Work with students to refine policy

As of Jan. 21, 2020, NPHS school administration has implemented a new bathroom policy: only one student can be in the restroom at a time during class, small pink slips must be written for every student who uses the bathroom and only the D building bathrooms will be open during class time. It restricts students from leaving class to go to the bathroom in the first or last 15 minutes of class and a campus supervisor is posted outside the bathroom to enforce the policy, signing pink slips and monitoring who enters and leaves the bathrooms. It was initiated by Principal Steve Lepire and the assistant administrators in efforts to address the vandalism and illegal activity that occurs in the bathrooms. 

While the policy has enraged the student body, it is understandable why it has gone into effect. Most students neglect to identify the root of the issue: the small percentage of students who abuse their bathroom rights by doing drugs and vandalizing the bathroom walls. 

Recently, the custodial staff has had to face students graffitiing the doors and walls using pen, toilet paper and even their own feces. In addition, students have been flushing miscellaneous objects down the toilets, including apples, shoes, vapes and bags of sand which the staff has spent thousands of dollars fixing. 

Though the new system does address a relevant problem, the policy and the implementation of it has flaws. As a school of roughly 2,500 students, the “one student only” rule for bathroom use has already created excessively long lines. If the NPHS administration want to keep this rule, bathrooms in every building should be made available. According to the California Department of Education, there should be one lavatory for every 40 students attending the school, meaning that if there are approximately 2,500 students at NPHS, over 60 lavatories need to be available. According to Article 10 Section 35292.5 of the California Education Code, “the school shall keep a sufficient number of restrooms open during school hours when pupils are in classes.” To have a singular bathroom open during class hours in a school with such a large student body is unreasonable. Even if campus supervisors let more than one student go into the bathroom at a time, having just one location is inconvenient and could end up causing students to miss more instructional time than necessary.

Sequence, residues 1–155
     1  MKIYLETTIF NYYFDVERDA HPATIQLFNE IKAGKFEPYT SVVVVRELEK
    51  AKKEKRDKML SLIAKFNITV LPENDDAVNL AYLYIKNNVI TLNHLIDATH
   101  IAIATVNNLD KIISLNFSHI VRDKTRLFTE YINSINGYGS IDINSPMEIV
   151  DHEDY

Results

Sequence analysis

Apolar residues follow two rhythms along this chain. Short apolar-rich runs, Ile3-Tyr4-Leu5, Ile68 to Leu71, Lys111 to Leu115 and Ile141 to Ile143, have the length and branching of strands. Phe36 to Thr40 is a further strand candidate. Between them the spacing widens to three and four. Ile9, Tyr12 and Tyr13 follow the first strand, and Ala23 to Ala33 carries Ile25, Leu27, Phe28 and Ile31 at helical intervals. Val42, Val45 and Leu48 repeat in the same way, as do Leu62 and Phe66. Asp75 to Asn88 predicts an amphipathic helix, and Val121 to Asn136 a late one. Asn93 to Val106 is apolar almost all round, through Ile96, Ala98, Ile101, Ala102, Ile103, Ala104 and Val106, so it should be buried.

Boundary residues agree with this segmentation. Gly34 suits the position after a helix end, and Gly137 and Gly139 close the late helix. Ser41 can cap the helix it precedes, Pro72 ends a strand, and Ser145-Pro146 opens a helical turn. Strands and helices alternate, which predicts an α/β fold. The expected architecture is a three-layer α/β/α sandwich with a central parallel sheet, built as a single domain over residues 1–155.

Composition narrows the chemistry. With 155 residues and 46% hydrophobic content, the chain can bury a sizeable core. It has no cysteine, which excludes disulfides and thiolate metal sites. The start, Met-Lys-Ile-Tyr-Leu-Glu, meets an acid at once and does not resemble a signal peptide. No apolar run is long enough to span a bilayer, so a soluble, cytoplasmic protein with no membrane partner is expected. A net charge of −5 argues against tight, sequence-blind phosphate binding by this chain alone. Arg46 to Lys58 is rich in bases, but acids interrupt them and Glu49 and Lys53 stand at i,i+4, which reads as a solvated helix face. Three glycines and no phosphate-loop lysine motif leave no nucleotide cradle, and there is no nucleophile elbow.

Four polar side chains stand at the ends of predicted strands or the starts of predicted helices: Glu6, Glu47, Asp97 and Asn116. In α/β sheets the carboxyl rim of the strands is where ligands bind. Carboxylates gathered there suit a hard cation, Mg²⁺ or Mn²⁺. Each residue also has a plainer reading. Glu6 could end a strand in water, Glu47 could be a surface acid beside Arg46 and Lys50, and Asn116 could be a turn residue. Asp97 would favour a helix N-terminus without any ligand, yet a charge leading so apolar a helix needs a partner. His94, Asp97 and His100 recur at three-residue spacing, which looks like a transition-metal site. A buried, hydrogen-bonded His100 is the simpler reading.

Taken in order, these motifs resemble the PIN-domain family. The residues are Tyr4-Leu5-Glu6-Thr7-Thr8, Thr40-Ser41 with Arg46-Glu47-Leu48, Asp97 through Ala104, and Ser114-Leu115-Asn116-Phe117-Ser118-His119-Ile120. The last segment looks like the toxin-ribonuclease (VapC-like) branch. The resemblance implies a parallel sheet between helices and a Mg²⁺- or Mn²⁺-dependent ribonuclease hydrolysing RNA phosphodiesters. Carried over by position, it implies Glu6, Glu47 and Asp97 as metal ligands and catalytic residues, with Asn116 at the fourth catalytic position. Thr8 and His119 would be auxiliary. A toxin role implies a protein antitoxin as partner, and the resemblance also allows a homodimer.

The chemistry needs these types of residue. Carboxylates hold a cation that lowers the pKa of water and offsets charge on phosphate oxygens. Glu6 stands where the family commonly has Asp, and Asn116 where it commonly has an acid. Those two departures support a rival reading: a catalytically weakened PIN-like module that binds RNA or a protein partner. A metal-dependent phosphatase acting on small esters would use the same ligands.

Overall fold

The school encourages students to go to the bathroom during their breaks; however, with the long bathroom lines at nutrition and lunch, sometimes it is impossible to do so. Some days, a student could get in line to go to the bathroom at the beginning of nutrition and be halfway through the line by the time the break has ended. Going during class, while not ideal, can be necessary. The bathrooms always need to be available for students who need it.

Again, there is a serious need to address the illegal activities that go on in the bathroom and we understand that the policy is a work in progress. We think that this policy should serve as a guideline, not a strict rule. In the coming weeks, students should be allowed to openly provide feedback- whether it be through a forum or another setting- and administration needs to be receptive. We hope that both students and administration can work together so that the problem is addressed but students are still able to use the bathroom when necessary.

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